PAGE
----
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CHARLOTTE, N.C. – Today, U.S. District Judge Max O. Cogburn, Jr. sentenced Boggs Paving, Inc. (Boggs Paving), its president and part-owner, Carl Andrew “Drew” Boggs, III, and four others on charges stemming from the illegal use of a disadvantaged business enterprise to obtain government-funded construction contracts, announced Jill Westmoreland Rose, U.S. Attorney for the Western District of North Carolina.
Marlies T. Gonzalez, Regional Special Agent in Charge, U.S. Department of Transportation, Office of Inspector General (DOT-OIG), Region IV; John A. Strong, Special Agent in Charge of the Federal Bureau of Investigation (FBI), Charlotte Division; and Thomas J. Holloman III, Special Agent in Charge of the Internal Revenue Service - Criminal Investigation (IRS-CI), join U.S. Attorney Rose in making today’s announcement.
Drew Boggs, 51, of Waxhaw, N.C. was sentenced to 30 months in prison and two years of supervised release, and received a $15,000 fine after pleading guilty to conspiracy to defraud the United States Department of Transportation (USDOT) and money laundering conspiracy. Kevin Hicks, 44, of Monroe, N.C., was sentenced to two years of probation and was ordered to pay a $2,000 fine, after pleading guilty to conspiracy to defraud USDOT and money laundering conspiracy. Greg Miller, 61, of Matthews, N.C., was sentenced to 15 months in prison and two years of supervised release, Greg Tucker, 42, of Oakboro, N.C., was sentenced to two years of probation and was ordered to pay a $1,000 fine, and John Cuthbertson (a/k/a Styx Cuthbertson), 70, of Monroe, was sentenced to two years of probation, three of which will be served in home confinement, and was ordered to pay a $2,000 fine. They each pleaded guilty to one count of conspiracy to defraud USDOT. Judge Cogburn sentenced the company, Boggs Paving, to pay a $500,000 fine. A fifth codefendant, Arnold Mann, 56, of Fort Mill, S.C., was previously sentenced to a term of probation, after pleading guilty to one count of conspiracy to defraud USDOT.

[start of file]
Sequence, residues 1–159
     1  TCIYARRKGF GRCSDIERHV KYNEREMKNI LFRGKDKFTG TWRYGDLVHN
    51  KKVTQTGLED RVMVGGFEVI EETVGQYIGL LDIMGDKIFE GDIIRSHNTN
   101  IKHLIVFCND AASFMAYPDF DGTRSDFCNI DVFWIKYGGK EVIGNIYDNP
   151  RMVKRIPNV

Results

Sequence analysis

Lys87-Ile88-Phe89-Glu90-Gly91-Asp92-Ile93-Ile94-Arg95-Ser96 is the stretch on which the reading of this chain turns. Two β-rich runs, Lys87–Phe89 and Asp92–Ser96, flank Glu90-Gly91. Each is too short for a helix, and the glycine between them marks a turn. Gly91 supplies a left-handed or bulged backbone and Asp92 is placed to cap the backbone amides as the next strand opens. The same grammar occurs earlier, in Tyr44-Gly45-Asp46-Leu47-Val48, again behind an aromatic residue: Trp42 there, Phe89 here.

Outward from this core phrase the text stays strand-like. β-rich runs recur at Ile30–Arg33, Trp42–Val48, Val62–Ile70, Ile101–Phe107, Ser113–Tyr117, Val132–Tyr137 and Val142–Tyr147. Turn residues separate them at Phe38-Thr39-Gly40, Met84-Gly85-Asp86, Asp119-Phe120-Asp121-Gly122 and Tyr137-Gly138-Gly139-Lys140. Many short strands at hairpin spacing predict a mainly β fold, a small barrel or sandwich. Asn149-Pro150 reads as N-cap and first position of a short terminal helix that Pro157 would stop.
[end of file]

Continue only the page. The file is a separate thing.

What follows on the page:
According to documents filed in the case, statements made in court and today’s sentencing hearings, from 2003 through 2013, Boggs Paving, Drew Boggs, and their codefendants engaged in a scheme by which they fraudulently obtained federally and state funded construction contracts by falsely certifying that a disadvantaged business enterprise (DBE), or a small business enterprise (SBE) would perform and be paid for portion of the work on those contracts. The purpose of USDOT’s DBE program is to increase the participation of such businesses in federally-funded public construction and transportation-related projects.
According to court records, Boggs Paving and the codefendants used Monroe-based Styx Cuthbertson Trucking Company, Inc. (“Styx”), a road construction hauler and a certified DBE and SBE, to help obtain the government-funded construction contracts. Court documents show that the codefendants took steps to conceal their fraud, including running payments for the work performed through a nominee bank account in Styx’s name and using magnetic decals bearing the “Styx” company logo to cover the “Boggs” logo on company trucks, among others. According to court records, the majority of the money was funneled back to Boggs Paving and its affiliates, and John Cuthbertson, owner of Styx, received kickbacks for allowing his company’s name and DBE status to be used by Boggs Paving.
Court records show that from June 2004 to July 2013, Boggs Paving was the prime contractor on 35 federally-funded contracts, and was a subcontractor for two additional contracts, worth over $87.6 million. Boggs Paving claimed DBE credits of approximately $3.7 million on these contracts for payments purportedly made to Styx. Styx only received payments of approximately $375,432 for actual work on these contracts, court records show.
In court today, Judge Cogburn described the DBE program as laudable and emphasized the imortance of deterrence in sentencing the defendants.
The investigation of the case was handled by USDOT-OIG, FBI and IRS. Assistant United States Attorneys Jenny G. Sugar and Michael E. Savage of the U.S. Attorney’s Office in Charlotte handled the prosecution.